The first of two field sessions I attended was a tour of the emerging South Waterfront/North Macadam District (it goes by either name), just southeast of Portland’s downtown. Zoned the same as the city’s central business district, this neighborhood is an example of how a city’s direct investment in transit was instrumental in developing an entirely new neighborhood, one where only vacant industrial land existed until less than 10 years ago. Built on former steel and ship building sites (a small barge building operation still exists), this brown-field is the area where Oregon Health Sciences University (OHSU) will (and has) expand their current land-locked campus. OHSU is the anchor for the re-development of over two dozen acres, and the school’s decision to expand in this area is attributable to the city’s building and financing of two forms of transit: an aerial tram connecting the new campus to the existing (located on Marquam Hill, about a mile west and 500 feet up), as well as a new streetcar line, connecting the OHSU campus to Portland State University and downtown. The city, university, and developers entered into an agreement that bound each party to a scope of work. Essentially, the city paid for the transit improvements, and private developers paid for a good portion of the development of the streets and the new buildings (which, in addition to OHSU include mainly luxury housing). Each party’s commitment was essential for this area to be developed, with the most crucial being the construction of an 80 person aerial tram. Beyond its aesthetic triumphs and novelty, the tram delivers a highly efficient form of transit, for instead of a 15 to 30 minute commute time that a bus would have entailed (Marquam Hill is too steep for rail), connections between the OHSU South Waterfront and Marquam Hill campuses is only three minutes for doctors, patients, students, and staff. Of almost equal importance in creating the backbone for the emerging neighborhood with the tram, was the extension of the city’s streetcar line, which provides a clear and direct connection through a maze of streets and changing topography from South Waterfront to Portland State University and downtown. Unlike connecting to Marquam Hill, a bus line may have worked made the connection, but a bus would not have had the same deliberative action and financial, aesthetic, and operational commitment rail transit provides in order for this nascent neighborhood to develop.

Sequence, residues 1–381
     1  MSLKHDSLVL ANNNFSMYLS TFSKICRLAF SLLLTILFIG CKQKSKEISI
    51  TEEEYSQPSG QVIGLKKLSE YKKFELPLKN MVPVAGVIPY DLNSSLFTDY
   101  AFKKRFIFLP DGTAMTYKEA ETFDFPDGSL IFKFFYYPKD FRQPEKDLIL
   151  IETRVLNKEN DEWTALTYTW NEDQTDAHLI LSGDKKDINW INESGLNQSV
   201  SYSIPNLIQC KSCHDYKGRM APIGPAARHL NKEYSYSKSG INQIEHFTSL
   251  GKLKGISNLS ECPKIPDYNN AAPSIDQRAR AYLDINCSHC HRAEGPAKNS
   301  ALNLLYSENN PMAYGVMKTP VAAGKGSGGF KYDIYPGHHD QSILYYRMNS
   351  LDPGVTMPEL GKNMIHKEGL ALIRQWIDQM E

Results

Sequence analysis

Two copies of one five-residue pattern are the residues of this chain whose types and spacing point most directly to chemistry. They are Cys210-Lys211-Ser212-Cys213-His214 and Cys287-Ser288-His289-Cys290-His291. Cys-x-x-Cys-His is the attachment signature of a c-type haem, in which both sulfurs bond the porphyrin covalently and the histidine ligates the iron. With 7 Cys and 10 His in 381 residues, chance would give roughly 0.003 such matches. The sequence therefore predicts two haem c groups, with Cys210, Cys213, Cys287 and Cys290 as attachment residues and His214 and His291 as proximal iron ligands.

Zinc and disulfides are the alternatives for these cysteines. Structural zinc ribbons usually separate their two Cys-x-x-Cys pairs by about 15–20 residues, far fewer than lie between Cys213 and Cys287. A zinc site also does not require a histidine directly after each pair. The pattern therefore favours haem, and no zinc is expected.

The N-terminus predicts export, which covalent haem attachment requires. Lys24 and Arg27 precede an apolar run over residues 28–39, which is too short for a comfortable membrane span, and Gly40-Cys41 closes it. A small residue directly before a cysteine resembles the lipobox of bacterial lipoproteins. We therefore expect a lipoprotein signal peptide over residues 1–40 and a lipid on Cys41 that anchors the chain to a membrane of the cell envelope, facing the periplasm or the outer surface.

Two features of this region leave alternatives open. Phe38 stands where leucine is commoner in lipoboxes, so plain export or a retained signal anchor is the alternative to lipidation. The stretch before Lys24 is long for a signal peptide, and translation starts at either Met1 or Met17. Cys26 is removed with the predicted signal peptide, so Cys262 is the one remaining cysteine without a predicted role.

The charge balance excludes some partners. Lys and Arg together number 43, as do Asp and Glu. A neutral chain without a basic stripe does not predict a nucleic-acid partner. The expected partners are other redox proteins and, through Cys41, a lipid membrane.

Given the state of our economy, assessment as to the success of South Waterfront needs to be made in the future. Portland, as is the case nationwide, is in an economic slump that has curtailed the previously rapid pace of development at South Waterfront. Still, the transit aspects are impressive -- if not down right exciting (nail biting?) -- and robust applause to all party's involved in creating South Waterfront's vision is in order. Taking derelict land, and reviving it with groundbreaking (air-breaking) transit solutions, will doubtlessly reap huge dividends for many years to come.

Next: Developing Trends in Transit Oriented Development, FTA Financing, and Low Income Housing

For Further Information on South Waterfront:                    http://www.pdc.us/ura/sowa_n-macadam.asp http://www.southwaterfront.com http://www.ohsu.edu/xd/about/facts/history.cfm